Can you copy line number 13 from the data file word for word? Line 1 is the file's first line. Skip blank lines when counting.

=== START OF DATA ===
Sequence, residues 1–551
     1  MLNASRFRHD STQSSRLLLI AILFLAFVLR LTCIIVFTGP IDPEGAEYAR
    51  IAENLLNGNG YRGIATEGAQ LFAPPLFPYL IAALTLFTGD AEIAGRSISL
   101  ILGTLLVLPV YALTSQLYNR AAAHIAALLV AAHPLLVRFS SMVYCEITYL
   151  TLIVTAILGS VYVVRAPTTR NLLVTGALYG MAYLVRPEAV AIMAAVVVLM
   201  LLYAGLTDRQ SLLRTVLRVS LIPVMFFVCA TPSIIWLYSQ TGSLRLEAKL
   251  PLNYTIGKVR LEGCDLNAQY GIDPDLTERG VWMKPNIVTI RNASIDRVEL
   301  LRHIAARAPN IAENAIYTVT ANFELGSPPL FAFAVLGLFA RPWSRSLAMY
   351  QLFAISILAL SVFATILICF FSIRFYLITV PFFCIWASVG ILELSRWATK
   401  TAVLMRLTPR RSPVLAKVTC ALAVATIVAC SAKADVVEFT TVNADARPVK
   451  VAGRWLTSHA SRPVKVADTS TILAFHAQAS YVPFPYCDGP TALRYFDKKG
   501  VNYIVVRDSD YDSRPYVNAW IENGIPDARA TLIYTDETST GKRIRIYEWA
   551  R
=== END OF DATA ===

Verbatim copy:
   551  R